Tablet pioneer and Xbox veteran Otto Berkes resigned from Microsoft earlier this week after a long and distinguished career at Redmond.
Years before Apple’s iPad hit the market, the talented Berkes had designed a slate-like touchscreen device which Bill Gates proudly showcased at a 2005 conference in Seattle.
Unfortunately, the first generation of "UltraMobile PCs" were expensive with less than stellar hardware, prompting Microsoft to ditch the category - a move which has haunted the corporation ever since.
Berkes later began working on the hardware and OS of a prototype slate device dubbed "Courier," only to find the project scuttled in early 2010.
"It's unfortunate you can't repeat that experiment. One of the outcomes of that effort was a change in thinking around Windows and the PC and touch interfaces and hardware evolution," said Berkes.
"[In any case], it's a good time for me to make a transition to a different set of challenges and something new and fresh.”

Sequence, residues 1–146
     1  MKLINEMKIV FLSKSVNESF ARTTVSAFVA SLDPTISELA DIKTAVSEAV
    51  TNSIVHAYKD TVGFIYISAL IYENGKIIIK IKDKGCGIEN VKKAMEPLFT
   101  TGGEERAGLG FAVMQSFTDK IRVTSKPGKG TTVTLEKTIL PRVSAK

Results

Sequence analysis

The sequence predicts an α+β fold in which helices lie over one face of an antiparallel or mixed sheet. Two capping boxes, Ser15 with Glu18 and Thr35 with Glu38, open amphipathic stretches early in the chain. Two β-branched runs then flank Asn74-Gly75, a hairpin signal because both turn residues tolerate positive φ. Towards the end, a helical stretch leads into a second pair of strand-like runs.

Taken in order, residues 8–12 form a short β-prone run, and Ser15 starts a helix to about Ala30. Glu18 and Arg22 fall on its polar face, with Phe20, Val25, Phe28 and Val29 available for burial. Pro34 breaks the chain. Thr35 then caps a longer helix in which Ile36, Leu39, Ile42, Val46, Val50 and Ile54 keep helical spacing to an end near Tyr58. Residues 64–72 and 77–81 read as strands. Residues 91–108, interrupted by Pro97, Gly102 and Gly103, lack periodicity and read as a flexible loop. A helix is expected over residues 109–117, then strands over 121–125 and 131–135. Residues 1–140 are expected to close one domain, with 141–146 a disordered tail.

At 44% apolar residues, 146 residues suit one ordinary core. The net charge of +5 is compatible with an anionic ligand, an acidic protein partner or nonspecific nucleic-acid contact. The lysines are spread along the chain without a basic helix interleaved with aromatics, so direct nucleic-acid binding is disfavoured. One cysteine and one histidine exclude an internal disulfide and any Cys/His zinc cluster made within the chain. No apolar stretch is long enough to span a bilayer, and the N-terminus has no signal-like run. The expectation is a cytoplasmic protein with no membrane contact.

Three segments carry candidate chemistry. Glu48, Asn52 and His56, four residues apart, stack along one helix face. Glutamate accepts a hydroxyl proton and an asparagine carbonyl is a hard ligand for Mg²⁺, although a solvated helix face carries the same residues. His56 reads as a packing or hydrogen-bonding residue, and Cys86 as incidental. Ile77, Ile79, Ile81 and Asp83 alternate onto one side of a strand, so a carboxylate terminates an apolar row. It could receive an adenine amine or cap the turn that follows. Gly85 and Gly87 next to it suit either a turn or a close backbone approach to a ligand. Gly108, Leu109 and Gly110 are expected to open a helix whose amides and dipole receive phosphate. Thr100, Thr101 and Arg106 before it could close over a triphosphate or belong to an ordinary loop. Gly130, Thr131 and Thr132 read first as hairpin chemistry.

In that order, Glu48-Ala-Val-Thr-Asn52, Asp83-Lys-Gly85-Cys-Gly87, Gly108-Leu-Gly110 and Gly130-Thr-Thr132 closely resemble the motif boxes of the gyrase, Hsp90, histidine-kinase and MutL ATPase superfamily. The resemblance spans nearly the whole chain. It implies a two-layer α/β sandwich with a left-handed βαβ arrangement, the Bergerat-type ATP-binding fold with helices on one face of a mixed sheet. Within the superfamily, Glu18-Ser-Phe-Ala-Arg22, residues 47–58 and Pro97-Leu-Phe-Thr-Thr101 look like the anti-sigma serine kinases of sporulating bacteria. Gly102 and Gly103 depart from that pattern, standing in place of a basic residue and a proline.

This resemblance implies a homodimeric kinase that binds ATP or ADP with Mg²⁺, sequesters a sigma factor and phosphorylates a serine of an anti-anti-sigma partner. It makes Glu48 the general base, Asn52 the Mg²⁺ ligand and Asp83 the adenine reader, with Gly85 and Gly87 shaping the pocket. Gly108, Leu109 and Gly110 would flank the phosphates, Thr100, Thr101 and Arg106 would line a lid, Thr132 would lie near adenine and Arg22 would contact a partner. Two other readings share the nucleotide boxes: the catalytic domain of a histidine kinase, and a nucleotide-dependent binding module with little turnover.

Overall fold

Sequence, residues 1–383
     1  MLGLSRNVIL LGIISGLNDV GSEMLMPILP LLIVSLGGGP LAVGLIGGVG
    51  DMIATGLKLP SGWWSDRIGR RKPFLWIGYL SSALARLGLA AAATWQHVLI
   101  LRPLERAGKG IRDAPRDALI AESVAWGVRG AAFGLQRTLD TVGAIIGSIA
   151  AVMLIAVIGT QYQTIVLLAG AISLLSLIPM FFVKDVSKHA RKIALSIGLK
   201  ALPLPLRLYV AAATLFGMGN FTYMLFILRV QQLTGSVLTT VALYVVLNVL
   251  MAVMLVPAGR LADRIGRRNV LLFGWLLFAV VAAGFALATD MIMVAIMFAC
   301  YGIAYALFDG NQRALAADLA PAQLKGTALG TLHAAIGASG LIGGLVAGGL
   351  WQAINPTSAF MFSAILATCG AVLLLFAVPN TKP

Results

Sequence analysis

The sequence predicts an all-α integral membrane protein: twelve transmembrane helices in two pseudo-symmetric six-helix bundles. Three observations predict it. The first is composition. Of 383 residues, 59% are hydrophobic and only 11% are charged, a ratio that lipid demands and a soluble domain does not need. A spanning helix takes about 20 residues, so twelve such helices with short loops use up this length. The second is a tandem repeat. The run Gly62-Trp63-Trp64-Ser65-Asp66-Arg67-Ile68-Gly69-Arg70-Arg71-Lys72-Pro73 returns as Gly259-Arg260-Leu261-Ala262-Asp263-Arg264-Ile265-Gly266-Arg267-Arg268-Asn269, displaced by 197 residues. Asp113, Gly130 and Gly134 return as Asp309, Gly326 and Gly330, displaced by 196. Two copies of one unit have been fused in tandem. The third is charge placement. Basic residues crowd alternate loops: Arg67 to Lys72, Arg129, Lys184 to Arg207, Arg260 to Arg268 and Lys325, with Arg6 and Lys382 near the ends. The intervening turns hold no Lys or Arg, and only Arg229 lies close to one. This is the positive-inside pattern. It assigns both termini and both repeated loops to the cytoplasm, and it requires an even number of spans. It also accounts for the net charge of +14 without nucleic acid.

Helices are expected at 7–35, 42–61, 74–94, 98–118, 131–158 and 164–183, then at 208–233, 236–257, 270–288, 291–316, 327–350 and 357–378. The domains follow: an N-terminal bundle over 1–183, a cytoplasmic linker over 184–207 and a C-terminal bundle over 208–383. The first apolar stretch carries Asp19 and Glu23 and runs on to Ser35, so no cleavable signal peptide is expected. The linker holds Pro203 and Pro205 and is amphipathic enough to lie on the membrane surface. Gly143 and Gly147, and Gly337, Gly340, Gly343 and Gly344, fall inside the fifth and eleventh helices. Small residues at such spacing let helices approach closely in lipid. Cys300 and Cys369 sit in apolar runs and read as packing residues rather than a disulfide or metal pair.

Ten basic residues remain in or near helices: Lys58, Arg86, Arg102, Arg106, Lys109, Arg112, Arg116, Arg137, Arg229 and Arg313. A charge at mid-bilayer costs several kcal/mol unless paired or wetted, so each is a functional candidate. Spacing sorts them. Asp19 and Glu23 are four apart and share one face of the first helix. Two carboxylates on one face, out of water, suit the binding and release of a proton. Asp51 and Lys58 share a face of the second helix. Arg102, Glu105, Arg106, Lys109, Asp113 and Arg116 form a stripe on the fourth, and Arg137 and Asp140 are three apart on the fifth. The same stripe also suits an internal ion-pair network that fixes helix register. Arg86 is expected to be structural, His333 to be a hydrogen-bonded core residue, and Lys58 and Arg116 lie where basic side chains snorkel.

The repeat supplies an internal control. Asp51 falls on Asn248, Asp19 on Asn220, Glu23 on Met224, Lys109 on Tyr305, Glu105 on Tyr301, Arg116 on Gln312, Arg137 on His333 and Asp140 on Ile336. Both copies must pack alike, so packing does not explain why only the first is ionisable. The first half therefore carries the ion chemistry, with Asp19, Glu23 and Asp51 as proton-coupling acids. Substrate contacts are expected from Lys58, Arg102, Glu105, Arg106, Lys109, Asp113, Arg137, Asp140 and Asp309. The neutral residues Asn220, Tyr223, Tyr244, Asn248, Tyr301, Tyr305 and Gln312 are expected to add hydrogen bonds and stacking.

Ted Hase, another one of the four original Xbox founders who also left Redmond, told the Seattle Times Berkes had experienced the most success when Bill Gates was still at the helm.
"There was an aspect of Bill where Bill stayed somewhat of a dreamer. In those dreams come those flashes and those sparks of creativity. I think the company has lost that which is a sad day.
“[And Berkes] has the combination of being able to actually see the bigger picture - but also he is someone who has the courage and the strength to withstand all of the criticism and ridicule on behalf of that vision."
Indeed, in 1998, Berkes and his team requisitioned a few Dell laptops, dismantled them and built the first functioning prototypes of a Windows gaming console. Fast forward to 2011, when Microsoft's Xbox business is fast approaching $10 billion in yearly sales and has already outpaced Windows in terms of growth.
"I think if anything, the successes of the other companies, the success of the competitors, the Apples, the Googles of the world, is somewhat of an affirmation that all of the early criticism Otto had taken was unfounded... In the end, Otto basically held truth in his hand," added Hase.
[Via Seattle Times]